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It’s time for a break! While we’re off doing summery things, we will repost a few of our favorite interviews. First up is Professor David S. Schwartz from “Where’s the Freedom? (Episode 121). Wendy talks with her brother about which commonly understood freedoms in the United States are written down in the Constitution, which have been interpreted from the founding documents, the current conservative Supreme Court, and what we each can do to keep our freedoms from eroding. Professor Schwartz teaches and writes in the areas of Constitutional Law, Evidence, and Civil Procedure at the University of Wisconsin.
While we’re away, you can always give us a shout on social media @Leftscape and join us on Patreon for extra content. Have fun, take care of yourself, and we’ll be back in July with brand new episodes.
Wendy Sheridan and Robin Renée
(Wendy here) I just want to add that Professor Schwartz’ comments about the 2nd amendment are what our current understanding and interpretation is, according to the most recent SCOTUS decisions on the matter, and not offering an originalist interpretation.
I refer to the above podcast and in particular your brother’s comment at 05:45.
When giving an example of “freedoms that are spelt out” he said the 2nd amendment gives us the right to bear arms.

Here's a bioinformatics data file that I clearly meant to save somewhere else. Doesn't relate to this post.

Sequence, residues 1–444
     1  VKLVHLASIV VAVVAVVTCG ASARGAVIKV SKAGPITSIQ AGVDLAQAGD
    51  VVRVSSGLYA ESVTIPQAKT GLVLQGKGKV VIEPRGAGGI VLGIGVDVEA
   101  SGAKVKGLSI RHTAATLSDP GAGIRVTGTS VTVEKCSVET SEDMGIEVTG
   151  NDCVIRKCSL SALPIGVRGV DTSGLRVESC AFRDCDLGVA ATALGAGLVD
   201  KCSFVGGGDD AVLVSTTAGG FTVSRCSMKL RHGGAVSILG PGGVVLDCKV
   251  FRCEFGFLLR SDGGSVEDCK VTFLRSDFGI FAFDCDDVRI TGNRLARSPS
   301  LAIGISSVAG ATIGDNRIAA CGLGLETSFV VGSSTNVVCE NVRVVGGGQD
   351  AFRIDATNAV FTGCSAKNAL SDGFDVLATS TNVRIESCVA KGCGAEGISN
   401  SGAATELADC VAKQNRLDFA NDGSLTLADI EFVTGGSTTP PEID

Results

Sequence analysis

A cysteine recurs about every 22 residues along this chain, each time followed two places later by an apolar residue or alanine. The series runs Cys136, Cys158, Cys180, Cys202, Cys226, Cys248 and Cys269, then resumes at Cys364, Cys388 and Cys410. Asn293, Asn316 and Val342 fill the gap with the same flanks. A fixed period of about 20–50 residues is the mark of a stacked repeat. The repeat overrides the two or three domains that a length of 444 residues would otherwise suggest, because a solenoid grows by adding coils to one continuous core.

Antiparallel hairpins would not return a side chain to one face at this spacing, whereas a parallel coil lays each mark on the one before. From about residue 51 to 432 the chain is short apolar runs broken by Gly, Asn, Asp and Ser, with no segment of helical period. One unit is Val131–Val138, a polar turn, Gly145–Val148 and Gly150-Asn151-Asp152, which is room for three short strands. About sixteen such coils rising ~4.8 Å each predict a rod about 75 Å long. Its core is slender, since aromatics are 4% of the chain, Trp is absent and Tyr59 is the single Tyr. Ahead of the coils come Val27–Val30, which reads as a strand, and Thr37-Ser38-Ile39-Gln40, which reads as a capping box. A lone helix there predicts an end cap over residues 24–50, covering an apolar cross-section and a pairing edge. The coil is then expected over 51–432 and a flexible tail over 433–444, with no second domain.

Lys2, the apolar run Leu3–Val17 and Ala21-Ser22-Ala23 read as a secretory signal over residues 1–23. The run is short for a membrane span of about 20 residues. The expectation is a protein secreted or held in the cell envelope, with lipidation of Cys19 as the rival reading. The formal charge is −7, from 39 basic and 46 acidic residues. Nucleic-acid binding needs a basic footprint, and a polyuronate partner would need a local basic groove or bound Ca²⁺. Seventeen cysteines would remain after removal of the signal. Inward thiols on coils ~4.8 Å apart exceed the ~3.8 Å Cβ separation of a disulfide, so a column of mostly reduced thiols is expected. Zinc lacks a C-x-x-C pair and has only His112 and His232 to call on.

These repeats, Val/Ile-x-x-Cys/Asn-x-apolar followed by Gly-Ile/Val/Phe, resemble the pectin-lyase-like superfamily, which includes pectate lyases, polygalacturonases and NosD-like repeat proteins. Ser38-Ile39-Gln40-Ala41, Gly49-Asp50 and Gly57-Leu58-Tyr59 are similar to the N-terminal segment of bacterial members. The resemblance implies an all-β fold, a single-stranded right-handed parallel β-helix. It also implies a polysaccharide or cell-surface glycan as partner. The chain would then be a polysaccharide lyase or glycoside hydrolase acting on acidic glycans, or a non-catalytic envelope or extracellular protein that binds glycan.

I was horrified to hear this as the 2nd, in my opinion, refers to a (collective) right to belong to a militia, not to an individual right to bear arms.
It is my understanding that the US Supreme Court once held this view but was then overturned by a right wing SC.
Although the 2nd does indeed say “..the right of the people to keep and bear Arms…” this is in the middle of a sentence that starts off referring to a right to belong to a militia.
It would be interesting to listen to a podcast from you and your brother on this subject.
(Wendy here again) The interpretation of the 2nd amendment by the most recent SCOTUS decisions on the matter were what Professor Schwartz was referring to, and the “gun discussion” was not a hot topic when we recorded the interview, as opposed to what’s going on now with this latest rash of mass shootings, both in schools and elsewhere. We have set up our government so that the Supreme Court is the arbiter and interpreter of what the words in the Constitution mean, and I don’t think all the “originalists” on the court are going to re-interpret that amendment any time soon.
My personal views regarding current gun laws include removing the immunity from lawsuits currently enjoyed by gun manufacturers and gun sellers. I believe they bear at least *some* responsibility about how their products are used in the real world, and if they are forced to take responsibility (as in getting sued by the families of victims of gun crimes) they will be more careful about who they let have these items.